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A long-time contributor to SeriouslySmoked. Jim has had a lifelong relationship with the art of grilling, passed on from his father and grandfather to him.
Annabelle is an experienced food writer and editor. She focuses on common sense, easy to replicate recipes formulated
to help keep things fresh and exciting while fitting into her day to day life as a wife and mother.
If you like the mild flavor and juicy texture of roasted pork loin, but you feel like it’s missing a sweet, aromatic kick, try smoking a pork roast in your electric smoker.
Here’s our step-by-step breakdown of how to smoke a pork roast in your favorite gear your electric smoker, from choosing a premium-quality cut to slicing the cooked meat against the grain before serving.
What is a Pork Roast Cut?
This cut of meat is relatively thick and heavy, and you’ll find that it’s easy to cook in the oven or in a slow cooker. It’s relatively lean and tough, but if you cook it correctly, you’ll create a result that’s tender and aromatic, with a soft, juicy texture.
It’s important to remember that the pork loin is not the same as the tenderloin cut, which comes from a muscle that runs alongside the pig’s spine, and it’s a far more tender cut than the loin.
How Do You Smoke a Pork Roast in an Electric Smoker?
There are four main steps to follow when smoking a pork loin in your electric smoker unit.
1. Choose the best cut
The key to learning how to smoke a pork roast in an electric smoker is to find a high-quality loin cut that’s flavorful and lean. If you want to be grilling within your budget, then your best bet is to buy meat from your local butcher, but if that isn’t an option, you can look for a few visual signs of quality when you’re in the raw meat section of the grocery store.
Unless it’s wrapped in sealed, airtight packaging, healthy pork meat should have light pink flesh that looks firm and compact. The best loin cuts have a thick, white layer of fat on the top, and you should be able to see a dense mass of lean pork running through the middle of the meat.
You can choose between a bone-in loin or a boneless, rolled cut when you’re buying a pork roast. Each of these options has its advantage: a layer of fat surrounds the bone, and when you cook a bone-in cut, this fat, as well as the bone marrow and collagen, melts into the rest of the meat, imparting tasty flavors throughout the pork. However, boneless cuts tend to cook faster than bone-in loins. Nearly all grocery stores sell boneless pork loins, while not all stores have the bone-in option.
2. Prep and trim the cut
Once you’ve picked your high-quality loin cut, you need to trim and season the meat before putting it in your electric smoker. If the fat coating is moist, use a paper towel to pat down the outside and dry it. This helps the meat’s surface to become crisp during the slow-cooking process.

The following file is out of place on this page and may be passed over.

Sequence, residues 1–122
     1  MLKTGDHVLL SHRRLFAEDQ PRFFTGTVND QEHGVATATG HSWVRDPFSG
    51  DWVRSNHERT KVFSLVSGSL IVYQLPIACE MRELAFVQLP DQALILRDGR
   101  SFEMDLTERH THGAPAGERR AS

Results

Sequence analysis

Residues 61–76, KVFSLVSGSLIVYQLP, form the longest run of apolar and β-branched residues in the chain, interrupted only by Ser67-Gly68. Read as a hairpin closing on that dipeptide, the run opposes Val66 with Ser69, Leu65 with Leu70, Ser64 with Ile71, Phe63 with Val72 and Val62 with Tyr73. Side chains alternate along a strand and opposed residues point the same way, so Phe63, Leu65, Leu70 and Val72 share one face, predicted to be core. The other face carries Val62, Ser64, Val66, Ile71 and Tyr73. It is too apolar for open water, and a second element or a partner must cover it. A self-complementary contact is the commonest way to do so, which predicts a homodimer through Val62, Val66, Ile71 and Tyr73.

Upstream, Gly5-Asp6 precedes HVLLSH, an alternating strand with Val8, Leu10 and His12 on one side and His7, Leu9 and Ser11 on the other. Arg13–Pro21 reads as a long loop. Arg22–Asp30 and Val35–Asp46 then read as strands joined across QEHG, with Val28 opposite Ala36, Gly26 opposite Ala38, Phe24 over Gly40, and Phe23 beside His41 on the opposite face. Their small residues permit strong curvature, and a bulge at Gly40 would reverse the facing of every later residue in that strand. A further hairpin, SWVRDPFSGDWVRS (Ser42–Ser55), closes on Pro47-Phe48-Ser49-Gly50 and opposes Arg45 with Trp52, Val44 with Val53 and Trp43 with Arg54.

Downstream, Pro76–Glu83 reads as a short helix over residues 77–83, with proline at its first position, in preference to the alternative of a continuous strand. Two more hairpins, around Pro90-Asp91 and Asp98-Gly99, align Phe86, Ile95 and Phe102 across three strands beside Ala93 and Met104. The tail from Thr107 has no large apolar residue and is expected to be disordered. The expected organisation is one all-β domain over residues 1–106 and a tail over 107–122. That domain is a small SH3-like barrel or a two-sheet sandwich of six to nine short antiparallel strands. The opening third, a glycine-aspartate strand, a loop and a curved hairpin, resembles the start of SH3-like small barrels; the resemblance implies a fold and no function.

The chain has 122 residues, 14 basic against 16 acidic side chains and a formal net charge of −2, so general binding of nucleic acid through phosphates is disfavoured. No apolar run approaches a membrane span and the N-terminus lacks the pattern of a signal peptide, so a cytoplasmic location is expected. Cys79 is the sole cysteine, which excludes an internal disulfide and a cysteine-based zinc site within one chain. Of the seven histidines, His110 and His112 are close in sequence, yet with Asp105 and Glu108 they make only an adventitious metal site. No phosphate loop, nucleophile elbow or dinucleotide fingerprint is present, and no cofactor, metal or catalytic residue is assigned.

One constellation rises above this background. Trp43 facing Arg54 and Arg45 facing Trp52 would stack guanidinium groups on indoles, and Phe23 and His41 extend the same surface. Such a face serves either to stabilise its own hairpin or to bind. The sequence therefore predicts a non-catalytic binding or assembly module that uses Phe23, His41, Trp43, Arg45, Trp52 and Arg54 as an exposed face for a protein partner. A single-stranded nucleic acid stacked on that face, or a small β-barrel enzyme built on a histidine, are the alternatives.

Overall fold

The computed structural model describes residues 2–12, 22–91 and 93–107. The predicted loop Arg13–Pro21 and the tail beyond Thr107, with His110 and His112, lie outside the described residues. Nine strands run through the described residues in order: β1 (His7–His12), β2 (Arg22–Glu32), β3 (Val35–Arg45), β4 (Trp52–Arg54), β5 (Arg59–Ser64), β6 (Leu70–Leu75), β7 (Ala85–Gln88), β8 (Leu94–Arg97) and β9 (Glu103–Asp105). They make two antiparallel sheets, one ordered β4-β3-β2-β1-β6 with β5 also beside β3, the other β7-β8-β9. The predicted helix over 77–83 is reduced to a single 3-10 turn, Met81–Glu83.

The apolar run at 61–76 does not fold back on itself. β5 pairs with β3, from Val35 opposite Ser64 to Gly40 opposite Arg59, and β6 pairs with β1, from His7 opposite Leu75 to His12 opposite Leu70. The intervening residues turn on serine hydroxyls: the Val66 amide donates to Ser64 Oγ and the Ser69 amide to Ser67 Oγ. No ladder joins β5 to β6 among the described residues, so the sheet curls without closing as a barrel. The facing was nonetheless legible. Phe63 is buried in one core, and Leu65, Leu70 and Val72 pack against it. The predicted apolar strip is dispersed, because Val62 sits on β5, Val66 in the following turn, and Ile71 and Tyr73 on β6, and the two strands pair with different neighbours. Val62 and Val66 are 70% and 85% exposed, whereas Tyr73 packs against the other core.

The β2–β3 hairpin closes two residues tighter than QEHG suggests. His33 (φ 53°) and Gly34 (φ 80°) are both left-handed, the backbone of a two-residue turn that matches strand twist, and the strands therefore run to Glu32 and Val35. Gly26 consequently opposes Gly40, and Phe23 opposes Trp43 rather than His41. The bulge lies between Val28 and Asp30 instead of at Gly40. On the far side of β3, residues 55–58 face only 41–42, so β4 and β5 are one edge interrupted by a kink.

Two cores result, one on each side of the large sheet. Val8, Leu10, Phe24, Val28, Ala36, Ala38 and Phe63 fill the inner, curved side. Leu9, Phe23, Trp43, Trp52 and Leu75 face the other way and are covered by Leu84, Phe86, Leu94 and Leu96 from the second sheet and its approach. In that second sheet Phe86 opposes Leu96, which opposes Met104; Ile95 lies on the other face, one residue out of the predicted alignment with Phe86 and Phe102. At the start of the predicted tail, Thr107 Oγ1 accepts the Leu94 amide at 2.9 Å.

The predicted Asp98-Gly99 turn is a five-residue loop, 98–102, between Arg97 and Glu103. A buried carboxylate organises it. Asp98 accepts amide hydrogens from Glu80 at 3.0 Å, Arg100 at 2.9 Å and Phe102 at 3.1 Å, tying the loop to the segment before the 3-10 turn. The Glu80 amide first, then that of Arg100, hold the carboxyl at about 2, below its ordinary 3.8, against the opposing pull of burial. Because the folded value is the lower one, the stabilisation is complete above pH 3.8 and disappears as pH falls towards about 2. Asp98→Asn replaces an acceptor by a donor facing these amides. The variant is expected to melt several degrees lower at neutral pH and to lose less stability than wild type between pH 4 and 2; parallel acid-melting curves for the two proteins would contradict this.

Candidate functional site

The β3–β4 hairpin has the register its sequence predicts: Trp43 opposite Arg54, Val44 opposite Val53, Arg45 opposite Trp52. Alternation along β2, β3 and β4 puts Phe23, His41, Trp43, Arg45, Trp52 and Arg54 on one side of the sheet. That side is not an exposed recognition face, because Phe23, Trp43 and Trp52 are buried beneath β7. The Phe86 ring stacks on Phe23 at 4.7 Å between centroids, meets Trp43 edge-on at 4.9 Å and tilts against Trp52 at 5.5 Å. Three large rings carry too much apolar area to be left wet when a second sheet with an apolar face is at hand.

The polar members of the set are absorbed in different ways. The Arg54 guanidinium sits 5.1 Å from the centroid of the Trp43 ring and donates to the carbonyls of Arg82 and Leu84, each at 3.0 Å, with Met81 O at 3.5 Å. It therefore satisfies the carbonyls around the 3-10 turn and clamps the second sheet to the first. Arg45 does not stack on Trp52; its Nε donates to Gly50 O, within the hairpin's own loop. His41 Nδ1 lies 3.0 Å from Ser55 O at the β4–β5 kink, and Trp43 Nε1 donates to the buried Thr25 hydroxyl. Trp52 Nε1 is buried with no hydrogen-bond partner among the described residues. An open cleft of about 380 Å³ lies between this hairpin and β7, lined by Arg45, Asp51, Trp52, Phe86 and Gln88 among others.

Check the pork cut’s surface to see if there are any places where there’s a chunky fat layer that’s thicker than ¼”: if you notice any excess fat, use a sharp kitchen knife to trim the pork fat from the loin. If the fatty coating is too thick, the smoke won’t be able to reach the center of the meat to cook the pork properly.
Use the same sharp knife to score the top of your pork cut by slicing through the fat diagonally. This process helps the grill’s heat to pass through the fat layer and cook the lean meat inside the cut. It also allows the fat to render down through the pork more efficiently.
Finally, season your pork roast. Adding salt to the meat’s surface makes the cut more tasty and tenderizes the pork. Rub or brush the outside with a bit of olive oil because this also helps to render the fat and add flavor to the meat. Once you’ve added this binding agent, apply a dry rub to the cut.
3. Set up your electric smoker and smoke the pork roast
When your pork roast is ready, ignite your electric smoker and heat until it reaches a steady temperature of 225°F. You can also preheat it before you start seasoning and trimming the loin so that it’s at the ideal temperature when you’re ready to start the cooking process.
If your electric smoker comes with a wood burning option, use a hickory or apple wood blend as these chips impart a sweet smoke that complements the milder flavors of the pork roast perfectly.
Put your pork loin on the grill rack with its fat side up. When the meat cooks, the fatty layer melts and trickles through the pork, infusing the cut flavor.
Try to cook this cut for between 2-3 hours at 225°F, avoiding opening the smoker’s lid. Use a dual probe digital thermometer to monitor the internal temperature of the meat. When this temperature reaches 145°F, you should take the loin off the grill and put it on a warmed plate on your kitchen counter.
4. Allow the pork to rest
You must let the pork loin rest for between 10-20 minutes after you’ve removed it from the grill rack. Doing this allows the oils and juices to trickle back down and settle in the meat. If you cut the pork too soon after smoking, it will be slightly dry.
Put a layer of aluminum foil over the top of the meat while it rests. This helps insulate the pork and keep it warm. When you cut the loin, make sure you’re slicing against the grain. This ensures that the meat will taste tender rather than chewy.
Enhance the Flavor of a Loin Cut By Learning How to Smoke a Pork Roast
You've already made pork roast are you ready for another recipe? We have a pulled pork recipe that you can serve to your friends and family.